Clothar The Frank – Jack Whyte

I could not begin to tell you what it was about this book that piqued my interest, but I certainly enjoyed it more than Standard of Honor or Knights of the Black and White.  Perhaps it was the fact that I was, and still am, quite interested in reading more on the King Arthur legend.  Perhaps it was the fact that the book was written in the first person; or maybe it has to do with the fact that I found a connection between this book and my British history class.  It might even have been the fact that I didn’t have to suffer through pages and pages of Religious history.  Whatever the case I found that I wanted to know what happened in this story more than I cared to in the Templar series.

 

I don’t have a lot to say about this book like I have in the past but here are just a few things that caught my attention:

 

  • Clothar’s parents, the king and queen of Ganis, are killed by a cousin of the king who then usurps the throne.  This idea of parents dying is hardly new in any form of literature, but the betrayal and murder reminded me so much of Harry Potter as did the idea of being sent away to school under the tutelage of Bishop Germanus, a very powerful and perspicacious individual.  This screamed Dumbledore to me.  However on writing this down I think that someone of great insight and learning would have to be involved.  In history and literature our hero isn’t likely to get places if they have a capricious leader directing their future plans.

 

  • Again I found, like on so many books and television shows these days, that some of the drama seemed oddly contrived.  Two immediate examples come to mind.  The first is Clothar’s first meeting with Gwinnifer.  She was known by a different name at that time and thus we don’t know until the end of the chapter that she really is going to be the woman of import in Clothar’s life.  This is historical fiction and I admit that I know not whether it was historical fact or Whyte’s fiction that first referred to Gwinnifer as Maia.  I hope it was fact.  The second example that sticks out occurs within the last ten pages of the novel when Clothar and King Arthur match their fighting skills against each other.  Clothar does not know at this time that he is taunting the King and thus displays his formidable fighting skills.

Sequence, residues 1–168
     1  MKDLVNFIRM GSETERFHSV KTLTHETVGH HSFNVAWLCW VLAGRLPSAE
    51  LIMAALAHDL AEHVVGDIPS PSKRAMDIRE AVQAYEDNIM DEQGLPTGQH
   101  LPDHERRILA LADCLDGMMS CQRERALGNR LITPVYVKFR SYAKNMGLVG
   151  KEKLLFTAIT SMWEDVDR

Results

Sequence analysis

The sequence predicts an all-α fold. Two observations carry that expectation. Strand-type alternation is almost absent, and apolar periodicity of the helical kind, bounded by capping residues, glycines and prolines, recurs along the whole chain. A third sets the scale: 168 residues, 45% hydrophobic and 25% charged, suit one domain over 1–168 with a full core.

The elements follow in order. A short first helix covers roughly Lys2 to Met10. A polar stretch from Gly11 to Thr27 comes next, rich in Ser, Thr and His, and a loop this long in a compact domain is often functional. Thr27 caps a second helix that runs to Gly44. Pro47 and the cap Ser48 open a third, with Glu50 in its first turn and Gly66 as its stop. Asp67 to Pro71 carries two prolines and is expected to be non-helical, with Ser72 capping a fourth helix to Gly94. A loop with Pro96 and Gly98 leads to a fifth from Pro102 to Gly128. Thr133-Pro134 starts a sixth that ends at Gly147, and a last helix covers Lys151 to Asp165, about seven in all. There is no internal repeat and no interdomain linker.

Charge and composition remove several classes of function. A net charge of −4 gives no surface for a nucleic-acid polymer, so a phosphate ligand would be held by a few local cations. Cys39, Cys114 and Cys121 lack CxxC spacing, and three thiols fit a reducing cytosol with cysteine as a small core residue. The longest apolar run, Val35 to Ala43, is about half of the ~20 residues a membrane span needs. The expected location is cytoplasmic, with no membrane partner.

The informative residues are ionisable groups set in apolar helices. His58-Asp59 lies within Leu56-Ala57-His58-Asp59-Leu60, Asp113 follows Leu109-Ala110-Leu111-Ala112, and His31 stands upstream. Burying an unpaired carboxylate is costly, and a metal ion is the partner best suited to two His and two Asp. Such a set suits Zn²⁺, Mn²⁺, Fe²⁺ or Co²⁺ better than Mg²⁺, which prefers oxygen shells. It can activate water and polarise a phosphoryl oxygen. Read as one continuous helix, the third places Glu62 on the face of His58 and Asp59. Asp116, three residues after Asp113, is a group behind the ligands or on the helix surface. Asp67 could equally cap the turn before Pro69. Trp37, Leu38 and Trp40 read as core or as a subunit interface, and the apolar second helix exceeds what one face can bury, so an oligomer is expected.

I must now buy or borrow the second book in this two part series for I am woefully ignorant of how the Lancelot and King Arthur myth ends and would like to know Whyte’s take on it.

 

For now I’m off to study my British history – if I can find enough uninterrupted time!

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